Working as a tech developer for a food manufacturer in Minneapolis, Minnesota, I was tasked with creating a scheduling application which would comminucate up to the minute kettle information with the dozens of employees on the production floor.
I leveraged website technologies and a relatively small local network. Unlike public facing web applications, the scheduling tool would not need to process hundreds of information updates or requests a minute. But the television displays on the production floor would need to keep the employees up to date as products were reorganized and completed for the day.
I ended up going with Python's Django framework and it's asynchronous (ASGI) library, Channels over something like NodeJs because of what I understood to be maintainability. I've heard both sides of the argument, but it was Python's longevity and syntactic cleanliness that stood out.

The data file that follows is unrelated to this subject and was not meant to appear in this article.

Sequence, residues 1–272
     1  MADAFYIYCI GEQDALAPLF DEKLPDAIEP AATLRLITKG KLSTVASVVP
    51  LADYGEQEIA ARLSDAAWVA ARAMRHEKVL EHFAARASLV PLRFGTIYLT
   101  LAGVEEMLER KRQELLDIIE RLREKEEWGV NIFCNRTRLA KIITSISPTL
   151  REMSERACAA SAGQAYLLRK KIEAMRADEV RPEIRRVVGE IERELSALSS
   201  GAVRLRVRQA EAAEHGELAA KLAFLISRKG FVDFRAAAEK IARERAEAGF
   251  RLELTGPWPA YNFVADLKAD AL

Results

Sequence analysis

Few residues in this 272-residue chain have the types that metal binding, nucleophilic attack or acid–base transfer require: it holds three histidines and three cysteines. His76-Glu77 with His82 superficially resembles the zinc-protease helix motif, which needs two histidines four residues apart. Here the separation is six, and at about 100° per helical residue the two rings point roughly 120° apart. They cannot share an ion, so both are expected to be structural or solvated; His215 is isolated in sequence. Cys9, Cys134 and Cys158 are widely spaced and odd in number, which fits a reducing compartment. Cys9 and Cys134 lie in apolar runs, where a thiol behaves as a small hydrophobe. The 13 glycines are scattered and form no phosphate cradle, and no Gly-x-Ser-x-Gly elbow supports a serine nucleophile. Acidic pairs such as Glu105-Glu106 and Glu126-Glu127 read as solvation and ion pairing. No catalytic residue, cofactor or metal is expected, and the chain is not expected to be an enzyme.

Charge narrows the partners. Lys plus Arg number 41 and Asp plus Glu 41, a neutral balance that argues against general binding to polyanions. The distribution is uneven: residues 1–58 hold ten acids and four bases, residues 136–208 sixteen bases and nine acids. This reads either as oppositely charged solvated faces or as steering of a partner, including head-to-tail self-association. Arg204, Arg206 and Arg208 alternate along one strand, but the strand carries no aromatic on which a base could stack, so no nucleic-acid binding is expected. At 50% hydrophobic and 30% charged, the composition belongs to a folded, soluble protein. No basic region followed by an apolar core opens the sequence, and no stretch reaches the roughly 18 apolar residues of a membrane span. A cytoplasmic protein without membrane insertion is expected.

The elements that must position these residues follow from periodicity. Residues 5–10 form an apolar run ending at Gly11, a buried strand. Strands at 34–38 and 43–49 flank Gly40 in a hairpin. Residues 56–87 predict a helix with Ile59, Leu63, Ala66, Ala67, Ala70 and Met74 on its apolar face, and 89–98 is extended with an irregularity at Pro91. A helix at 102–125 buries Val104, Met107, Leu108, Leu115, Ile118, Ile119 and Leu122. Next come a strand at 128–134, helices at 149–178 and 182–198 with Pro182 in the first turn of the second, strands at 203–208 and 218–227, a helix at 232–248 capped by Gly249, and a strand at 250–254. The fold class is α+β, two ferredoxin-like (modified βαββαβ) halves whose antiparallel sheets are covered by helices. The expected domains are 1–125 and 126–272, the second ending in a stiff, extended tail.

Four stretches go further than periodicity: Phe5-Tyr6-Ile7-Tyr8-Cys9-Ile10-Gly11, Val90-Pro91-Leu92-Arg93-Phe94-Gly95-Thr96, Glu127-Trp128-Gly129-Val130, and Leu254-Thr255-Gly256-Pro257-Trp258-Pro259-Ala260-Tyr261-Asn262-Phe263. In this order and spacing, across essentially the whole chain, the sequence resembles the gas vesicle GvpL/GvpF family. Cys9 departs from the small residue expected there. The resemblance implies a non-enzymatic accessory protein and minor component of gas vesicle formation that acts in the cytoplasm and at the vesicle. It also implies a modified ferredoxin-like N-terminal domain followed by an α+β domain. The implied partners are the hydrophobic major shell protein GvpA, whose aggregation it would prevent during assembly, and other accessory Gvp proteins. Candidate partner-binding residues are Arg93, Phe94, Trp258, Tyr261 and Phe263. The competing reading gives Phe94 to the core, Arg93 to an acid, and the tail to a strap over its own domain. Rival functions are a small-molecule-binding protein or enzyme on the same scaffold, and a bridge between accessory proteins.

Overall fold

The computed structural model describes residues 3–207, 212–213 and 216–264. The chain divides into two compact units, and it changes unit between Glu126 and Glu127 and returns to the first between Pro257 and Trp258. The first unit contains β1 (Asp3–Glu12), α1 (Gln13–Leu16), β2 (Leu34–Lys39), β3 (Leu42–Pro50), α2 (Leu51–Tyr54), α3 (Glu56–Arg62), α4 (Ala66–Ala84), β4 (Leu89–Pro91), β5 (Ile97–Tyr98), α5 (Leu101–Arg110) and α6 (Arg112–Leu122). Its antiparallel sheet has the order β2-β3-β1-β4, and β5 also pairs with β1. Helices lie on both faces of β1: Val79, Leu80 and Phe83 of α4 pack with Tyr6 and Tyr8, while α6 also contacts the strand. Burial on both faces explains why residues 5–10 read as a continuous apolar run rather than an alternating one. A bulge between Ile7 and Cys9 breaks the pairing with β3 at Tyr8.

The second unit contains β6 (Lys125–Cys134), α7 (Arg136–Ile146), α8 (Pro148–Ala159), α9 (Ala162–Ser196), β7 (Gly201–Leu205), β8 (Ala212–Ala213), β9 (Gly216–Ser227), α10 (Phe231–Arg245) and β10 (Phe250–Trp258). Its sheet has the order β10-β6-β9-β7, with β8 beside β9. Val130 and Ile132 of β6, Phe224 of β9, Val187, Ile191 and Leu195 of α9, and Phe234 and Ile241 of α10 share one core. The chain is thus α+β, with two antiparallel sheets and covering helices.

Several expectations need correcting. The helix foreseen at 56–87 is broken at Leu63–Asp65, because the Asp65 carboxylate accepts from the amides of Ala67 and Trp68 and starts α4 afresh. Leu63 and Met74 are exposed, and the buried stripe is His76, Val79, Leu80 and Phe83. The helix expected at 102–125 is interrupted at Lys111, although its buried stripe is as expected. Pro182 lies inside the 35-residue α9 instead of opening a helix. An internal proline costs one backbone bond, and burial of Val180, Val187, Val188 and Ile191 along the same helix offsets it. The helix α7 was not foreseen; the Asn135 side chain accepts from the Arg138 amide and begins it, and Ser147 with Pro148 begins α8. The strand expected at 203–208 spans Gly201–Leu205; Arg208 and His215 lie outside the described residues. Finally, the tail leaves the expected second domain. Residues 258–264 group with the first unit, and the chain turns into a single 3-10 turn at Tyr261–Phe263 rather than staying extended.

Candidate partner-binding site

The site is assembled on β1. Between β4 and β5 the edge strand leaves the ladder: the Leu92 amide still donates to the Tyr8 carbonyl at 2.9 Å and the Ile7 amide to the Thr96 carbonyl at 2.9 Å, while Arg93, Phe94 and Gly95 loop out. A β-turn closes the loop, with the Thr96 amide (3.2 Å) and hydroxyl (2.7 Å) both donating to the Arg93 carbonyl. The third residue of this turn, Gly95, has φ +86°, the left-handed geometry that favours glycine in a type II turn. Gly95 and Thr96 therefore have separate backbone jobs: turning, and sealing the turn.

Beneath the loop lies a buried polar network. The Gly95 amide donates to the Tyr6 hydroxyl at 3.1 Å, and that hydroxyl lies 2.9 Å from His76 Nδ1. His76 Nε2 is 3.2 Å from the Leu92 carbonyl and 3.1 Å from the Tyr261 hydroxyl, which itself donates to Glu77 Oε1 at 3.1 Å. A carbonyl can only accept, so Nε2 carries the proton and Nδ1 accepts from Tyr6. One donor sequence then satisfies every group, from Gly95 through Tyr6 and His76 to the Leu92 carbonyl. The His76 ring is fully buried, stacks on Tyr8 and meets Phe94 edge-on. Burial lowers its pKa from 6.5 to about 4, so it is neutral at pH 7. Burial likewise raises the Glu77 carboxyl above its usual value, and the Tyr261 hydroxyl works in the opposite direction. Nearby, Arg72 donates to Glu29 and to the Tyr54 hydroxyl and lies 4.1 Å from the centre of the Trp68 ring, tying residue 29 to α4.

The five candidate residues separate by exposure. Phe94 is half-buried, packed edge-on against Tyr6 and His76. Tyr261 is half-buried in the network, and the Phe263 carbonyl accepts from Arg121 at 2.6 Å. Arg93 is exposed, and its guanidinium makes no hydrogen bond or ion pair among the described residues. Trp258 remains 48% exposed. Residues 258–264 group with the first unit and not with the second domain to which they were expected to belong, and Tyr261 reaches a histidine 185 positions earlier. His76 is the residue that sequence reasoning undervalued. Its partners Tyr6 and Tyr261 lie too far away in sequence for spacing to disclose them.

In May 2019, the app went into use by the team, and it became a core part of communication between the production manager who would organize daily production for his staff. Along the way features were requested and implemented, such as the ability to indicate "start times" for individual products.
Future goals for the project might be to visualize statistics such as which products get made on which kettles, etc.
Note: Screenshots and photographs are placeholder data and stock photo compositions, due to the proprietary nature of the company's information.
Coming soon: Part 2, how I processed daily product order information from a Microsoft Excel file using the Python library Pandas and XLRD to turn spreadsheet data into database entries.